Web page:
Monday, August 22, 2011

The Young and the Restless

Summertime means lots of different things to different people. Here on the Preserve, one thing it means is we get to see the young animals that were born this spring and are now roaming about. Some are still with their parents, and will be through the fall. Our motion-sensor wildlife cameras have picked up several young animals that we'd like to share with you.

This fawn (on the left) photographed in Sycamore Canyon is probably a few months old in this photo, and is still young enough to still have its spots for camoflauge from predators. Their main predator here on the Preserve is likely the mountain lion, which are sometimes seen in Sycamore Canyon. Deer are very common here probably due to the proximity to the irrigted lawns at adjacent Rose Hills Cemetery, which is probably why the lion is seen here sometimes, but unfortuntely we haven't gotten a mountion lion photo yet. If you see a lion anywhere on the Preserve, contact Shannon Lucas at the Habitat Authority so we can add it to our database (

These young ground squirrels (the two on the left) are following their Mom near the entrance to the Colima Tunnel along the Arroyo San Miguel trail, although its unlikely they will go all the way through the tunnel.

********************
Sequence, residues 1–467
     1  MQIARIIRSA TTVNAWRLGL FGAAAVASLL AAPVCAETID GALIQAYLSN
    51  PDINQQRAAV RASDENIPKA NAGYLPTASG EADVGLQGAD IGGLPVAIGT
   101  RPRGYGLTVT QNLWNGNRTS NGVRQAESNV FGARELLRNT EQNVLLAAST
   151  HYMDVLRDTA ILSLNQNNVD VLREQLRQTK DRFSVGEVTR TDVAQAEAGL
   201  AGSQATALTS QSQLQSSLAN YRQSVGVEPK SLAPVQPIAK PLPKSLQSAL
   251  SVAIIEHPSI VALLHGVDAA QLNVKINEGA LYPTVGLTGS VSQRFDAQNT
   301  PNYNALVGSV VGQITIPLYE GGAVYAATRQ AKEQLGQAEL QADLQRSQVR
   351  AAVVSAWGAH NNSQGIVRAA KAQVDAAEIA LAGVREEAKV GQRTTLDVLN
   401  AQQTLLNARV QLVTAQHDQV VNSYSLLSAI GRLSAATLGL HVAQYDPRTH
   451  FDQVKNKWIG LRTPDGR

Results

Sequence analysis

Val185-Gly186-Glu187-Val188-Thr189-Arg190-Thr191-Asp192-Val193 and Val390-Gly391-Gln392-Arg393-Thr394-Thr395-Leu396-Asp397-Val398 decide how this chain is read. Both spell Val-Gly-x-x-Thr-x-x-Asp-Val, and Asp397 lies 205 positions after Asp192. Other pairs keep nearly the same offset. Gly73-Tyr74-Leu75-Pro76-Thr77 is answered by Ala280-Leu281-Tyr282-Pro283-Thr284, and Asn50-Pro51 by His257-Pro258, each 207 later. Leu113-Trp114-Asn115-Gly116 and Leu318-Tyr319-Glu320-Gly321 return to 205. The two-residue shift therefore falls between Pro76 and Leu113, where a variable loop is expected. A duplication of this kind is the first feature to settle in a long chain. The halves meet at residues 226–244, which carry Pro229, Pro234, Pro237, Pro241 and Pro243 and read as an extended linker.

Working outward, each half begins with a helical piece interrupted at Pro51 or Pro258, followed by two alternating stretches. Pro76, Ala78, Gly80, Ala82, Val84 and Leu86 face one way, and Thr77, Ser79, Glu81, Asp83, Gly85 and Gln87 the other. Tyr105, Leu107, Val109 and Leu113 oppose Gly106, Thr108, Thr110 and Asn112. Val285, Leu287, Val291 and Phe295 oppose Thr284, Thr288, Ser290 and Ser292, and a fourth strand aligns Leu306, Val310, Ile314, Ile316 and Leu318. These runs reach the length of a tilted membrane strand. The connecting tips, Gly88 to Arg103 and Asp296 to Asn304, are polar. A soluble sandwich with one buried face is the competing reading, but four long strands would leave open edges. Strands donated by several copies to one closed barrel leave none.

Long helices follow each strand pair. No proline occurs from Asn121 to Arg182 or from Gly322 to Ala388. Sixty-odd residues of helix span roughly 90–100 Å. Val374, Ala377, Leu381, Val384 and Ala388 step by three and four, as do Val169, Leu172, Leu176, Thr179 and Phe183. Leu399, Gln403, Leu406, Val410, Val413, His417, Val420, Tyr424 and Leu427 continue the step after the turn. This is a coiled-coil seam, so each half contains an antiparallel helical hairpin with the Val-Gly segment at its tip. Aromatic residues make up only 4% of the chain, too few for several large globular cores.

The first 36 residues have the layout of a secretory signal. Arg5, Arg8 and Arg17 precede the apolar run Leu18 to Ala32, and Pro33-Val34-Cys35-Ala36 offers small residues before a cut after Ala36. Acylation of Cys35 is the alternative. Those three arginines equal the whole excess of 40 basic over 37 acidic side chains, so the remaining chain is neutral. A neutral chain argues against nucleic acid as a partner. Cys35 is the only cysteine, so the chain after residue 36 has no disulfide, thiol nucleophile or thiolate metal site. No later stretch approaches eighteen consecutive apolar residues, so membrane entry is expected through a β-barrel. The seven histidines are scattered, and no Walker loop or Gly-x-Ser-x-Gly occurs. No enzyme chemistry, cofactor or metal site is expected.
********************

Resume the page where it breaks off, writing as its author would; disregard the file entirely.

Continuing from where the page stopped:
This coyote was photographed just uphill from the Colima Tunnel. It appears to be young coyote due to its relatlvey smaller size and especially its fluffy coat of fur. It is possible that its parents have taught it to travel safely across Colima Road by using the tunnel, as it is heading in that direction, and there is a photo of a coyote's tail heading into the Tunnel (from another camera) only one minute later. This tunnel has been used by several wildlife species, including deer, coyote, and bobcat, to travel safely across Colima Road and avoid being hit by vehicles; unfortunately, bobcats are not seen as frequently here as they once were, but roadkill bobcats and other large mammals are often seen as roadkill at the top of the hill on Colima Road, indicating that there is not a safe way to cross Colima Road at that location. Despite posted speed limits and wildlife crossing signs, roadkill are common, so watch your speed and watch for crossing wildlife!